You are a cyber security expert. Could you name your greatest achievement in cybersecurity research?
As a recent cybersecurity graduate (master's) and a current Ph.D. student, I have immersed myself in research and innovation. I have researched topics related to cybersecurity, cybersecurity culture, cybersecurity policy, cyber resilience, and cybersecurity investigations during my master's and PhD studies. When I decided to join cybersecurity, it was not just because of a passion. It was because I had a goal and a gap to fill. There is a gap in settling cyber conflicts, unlike when we apply diplomatic efforts in real socio-political conflicts. Therefore, I dream of significantly contributing to building solid cyber diplomacy. So far, the United Nations Disarmament Office has certified me in cyberdiplomacy. Besides my Ph.D., I am also studying diplomacy and international relations to link cybersecurity with diplomacy. As future businesses are heading to complete digital transformation and cyberspace, cyber diplomacy will play a vital role in resolving cyber-related issues. In my current role at RMIT University, I am a cyber security research assistant and subject matter expert at the RMIT Centre for Cyber Security Research and Innovation. As I mentioned earlier, the center is an international award-winning center. Being part of the contributing backbones of the center's achievement is a pride and honor. I am developing content used as policy input and teaching materials nationally and internationally for governments, universities, business organizations, and industries.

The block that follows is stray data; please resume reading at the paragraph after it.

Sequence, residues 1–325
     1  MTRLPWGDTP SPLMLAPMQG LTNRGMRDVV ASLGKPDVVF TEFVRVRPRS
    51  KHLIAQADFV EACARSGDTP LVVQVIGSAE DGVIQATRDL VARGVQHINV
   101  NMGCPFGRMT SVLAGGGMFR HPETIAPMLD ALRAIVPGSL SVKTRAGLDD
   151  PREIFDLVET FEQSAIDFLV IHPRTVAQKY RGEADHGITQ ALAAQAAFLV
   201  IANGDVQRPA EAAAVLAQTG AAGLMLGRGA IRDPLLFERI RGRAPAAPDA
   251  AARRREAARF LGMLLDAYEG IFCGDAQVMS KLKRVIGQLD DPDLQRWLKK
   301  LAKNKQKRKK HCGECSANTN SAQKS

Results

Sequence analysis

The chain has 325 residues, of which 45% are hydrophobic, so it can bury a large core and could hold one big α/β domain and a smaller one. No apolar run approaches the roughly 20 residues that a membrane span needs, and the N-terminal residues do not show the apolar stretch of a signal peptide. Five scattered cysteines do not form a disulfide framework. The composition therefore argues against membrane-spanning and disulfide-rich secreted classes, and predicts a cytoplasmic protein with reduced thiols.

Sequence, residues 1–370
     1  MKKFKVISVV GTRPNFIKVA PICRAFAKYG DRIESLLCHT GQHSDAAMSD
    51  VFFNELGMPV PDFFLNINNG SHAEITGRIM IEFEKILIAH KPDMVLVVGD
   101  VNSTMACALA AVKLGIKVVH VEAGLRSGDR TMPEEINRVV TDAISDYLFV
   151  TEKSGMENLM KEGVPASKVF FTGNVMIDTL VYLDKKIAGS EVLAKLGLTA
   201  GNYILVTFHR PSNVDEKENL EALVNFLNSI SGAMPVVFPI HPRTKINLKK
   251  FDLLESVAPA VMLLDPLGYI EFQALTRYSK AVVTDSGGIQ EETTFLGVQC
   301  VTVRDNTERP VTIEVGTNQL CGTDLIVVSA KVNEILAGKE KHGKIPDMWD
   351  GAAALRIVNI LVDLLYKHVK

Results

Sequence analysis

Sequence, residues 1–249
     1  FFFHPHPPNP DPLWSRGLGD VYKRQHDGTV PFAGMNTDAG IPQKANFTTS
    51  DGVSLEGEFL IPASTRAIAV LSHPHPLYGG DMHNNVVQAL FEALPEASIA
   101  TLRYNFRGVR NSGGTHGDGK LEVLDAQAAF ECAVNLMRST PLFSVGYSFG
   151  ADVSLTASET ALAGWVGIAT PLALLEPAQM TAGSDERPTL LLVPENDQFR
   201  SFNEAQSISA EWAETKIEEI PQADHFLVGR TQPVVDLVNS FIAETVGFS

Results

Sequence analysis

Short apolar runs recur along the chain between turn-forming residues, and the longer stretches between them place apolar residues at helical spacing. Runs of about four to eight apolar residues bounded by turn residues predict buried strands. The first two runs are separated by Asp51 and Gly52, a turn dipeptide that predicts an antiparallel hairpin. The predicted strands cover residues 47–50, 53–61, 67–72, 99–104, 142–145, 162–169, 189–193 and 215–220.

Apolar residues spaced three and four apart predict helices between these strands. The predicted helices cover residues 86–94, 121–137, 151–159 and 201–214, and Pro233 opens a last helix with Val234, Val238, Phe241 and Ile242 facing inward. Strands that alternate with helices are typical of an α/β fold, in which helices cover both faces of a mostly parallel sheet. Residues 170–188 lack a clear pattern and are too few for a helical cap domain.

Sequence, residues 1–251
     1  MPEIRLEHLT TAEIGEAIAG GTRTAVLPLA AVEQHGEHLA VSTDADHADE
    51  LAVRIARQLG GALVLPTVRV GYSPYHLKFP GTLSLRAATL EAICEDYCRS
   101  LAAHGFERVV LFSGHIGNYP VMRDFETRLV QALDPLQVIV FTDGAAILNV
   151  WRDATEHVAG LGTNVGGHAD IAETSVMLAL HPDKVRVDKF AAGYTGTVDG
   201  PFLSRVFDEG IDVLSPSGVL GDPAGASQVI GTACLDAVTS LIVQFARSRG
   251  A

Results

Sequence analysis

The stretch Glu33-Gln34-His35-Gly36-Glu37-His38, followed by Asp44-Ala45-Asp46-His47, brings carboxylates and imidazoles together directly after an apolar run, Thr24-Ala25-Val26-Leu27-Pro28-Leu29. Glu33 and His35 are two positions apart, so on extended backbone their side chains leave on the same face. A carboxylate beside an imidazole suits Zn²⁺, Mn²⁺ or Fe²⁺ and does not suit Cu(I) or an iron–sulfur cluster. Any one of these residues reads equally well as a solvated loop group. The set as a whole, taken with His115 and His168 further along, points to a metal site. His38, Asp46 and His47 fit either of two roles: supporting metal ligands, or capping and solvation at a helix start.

How would you recommend raising awareness among the general public about the importance of cyber security and the dangers of cyber threats?
As cybercrime is a transnational crime, it's essential to enhance cybersecurity awareness in broad society. To raise this awareness in a society with a distinguished socio-cultural background and origin, assessing the society's attitudes, knowledge, assumptions, norms, and values and their connection to cybersecurity awareness is recommended. From that point, we can apply a customized approach to training, workshops, leadership, policies, and procedures. We also have to consider language barriers and resource limitations. Translating awareness-enhancing content into local language can help people as they can understand it better with their language. However, the most important thing is that a cybersecurity awareness enhancement program should have continuous and business-incorporated training.
Finally, we have a question for you as an MRU graduate. What was the most valuable lesson you learnt during your Master's studies at MRU?
All the lessons I had during my master's study are valuable. I enjoyed them all. The program is well-designed, and the course materials are developed to be convenient for teaching. But if I had to choose my favorite lessons, I would mention courses such as privacy and data protection, security economics, the legal environment of cybersecurity, and modeling of electronic information security.